Robert Tanitch reviews Ink at Almeida Theatre, London N1.
Australian tycoon Richard Murdoch buys The Sun, a failing broadsheet, a laughing-stock, in 1969 and relaunches it as a new style popular newspaper, a people’s paper, pandering to the public’s basest tastes and instincts.
“I want to disrupt Fleet Street,” he says and declares a circulation war on The Mirror with its 5 million readers.
Murdoch appoints Larry Lamb as his editor and tells him to get rid of the old and bring in the new.
What does the pubic want? People need stories. Give them what they want: scandal, all the dirt, and loud sensational headlines.
Who cares about media manipulation and fair and balanced news?
The Sun is the most influential newspaper in history. No one does fun like The Sun.
Kidnaps and murders sell newspapers. Page 3 pornography sells newspapers even better.
There have been plays about newspapers. Two stand out in particular: one American, The Front Page by Ben Hecht and Charles MacArthur, a big success on Broadway in 1929 and on film, and the other British, Pravda by David Hare and Howard Brenton in 1985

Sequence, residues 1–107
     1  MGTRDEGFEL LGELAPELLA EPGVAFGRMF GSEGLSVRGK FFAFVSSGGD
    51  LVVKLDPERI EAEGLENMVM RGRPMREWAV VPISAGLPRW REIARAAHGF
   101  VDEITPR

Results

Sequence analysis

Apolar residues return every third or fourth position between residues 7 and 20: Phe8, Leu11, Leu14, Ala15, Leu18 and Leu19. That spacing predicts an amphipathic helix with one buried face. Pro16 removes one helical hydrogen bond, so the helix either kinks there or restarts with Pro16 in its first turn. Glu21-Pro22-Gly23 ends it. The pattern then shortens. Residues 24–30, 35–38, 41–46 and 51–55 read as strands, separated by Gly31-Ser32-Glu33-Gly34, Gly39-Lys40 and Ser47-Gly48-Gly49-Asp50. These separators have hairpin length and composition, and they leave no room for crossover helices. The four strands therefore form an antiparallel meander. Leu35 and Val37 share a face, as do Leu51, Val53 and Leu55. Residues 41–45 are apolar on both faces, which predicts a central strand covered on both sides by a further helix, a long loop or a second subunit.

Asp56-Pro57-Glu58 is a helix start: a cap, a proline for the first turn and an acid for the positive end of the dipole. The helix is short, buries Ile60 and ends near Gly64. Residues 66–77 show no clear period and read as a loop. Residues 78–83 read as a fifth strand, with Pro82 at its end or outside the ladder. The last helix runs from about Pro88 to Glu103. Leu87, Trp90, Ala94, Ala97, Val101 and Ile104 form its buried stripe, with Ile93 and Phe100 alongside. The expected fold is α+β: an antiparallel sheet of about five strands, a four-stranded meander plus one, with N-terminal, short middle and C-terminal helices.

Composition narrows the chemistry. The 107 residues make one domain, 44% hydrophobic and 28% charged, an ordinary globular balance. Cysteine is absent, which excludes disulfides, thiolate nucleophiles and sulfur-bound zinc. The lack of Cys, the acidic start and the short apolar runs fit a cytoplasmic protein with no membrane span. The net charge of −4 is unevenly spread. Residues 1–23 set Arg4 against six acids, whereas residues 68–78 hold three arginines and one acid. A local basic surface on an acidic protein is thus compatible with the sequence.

James Graham, who wrote This House, is in this bracket. He has the sharp political astuteness the subject needs and a fine ensemble to deliver a punchy performance.
The two leading roles are excellently cast. Bertie Carvel is Murdoch who is in the cut-throat business of revenge. Richard Coyle is Larry Lamb who creates an appetite he can no longer control. Of the two men Lamb emerges the potentially tragic one, his integrity gone.
Rupert Goold’s urgent and physically exciting production is hugely entertaining. The recruitment of staff is wittily staged. The movement has been cleverly choreographed by Lynne Page and the set, a messy mountain of desks and filing cabinets piled high, designed by Bunny Christie, provide the right chaotic ambience.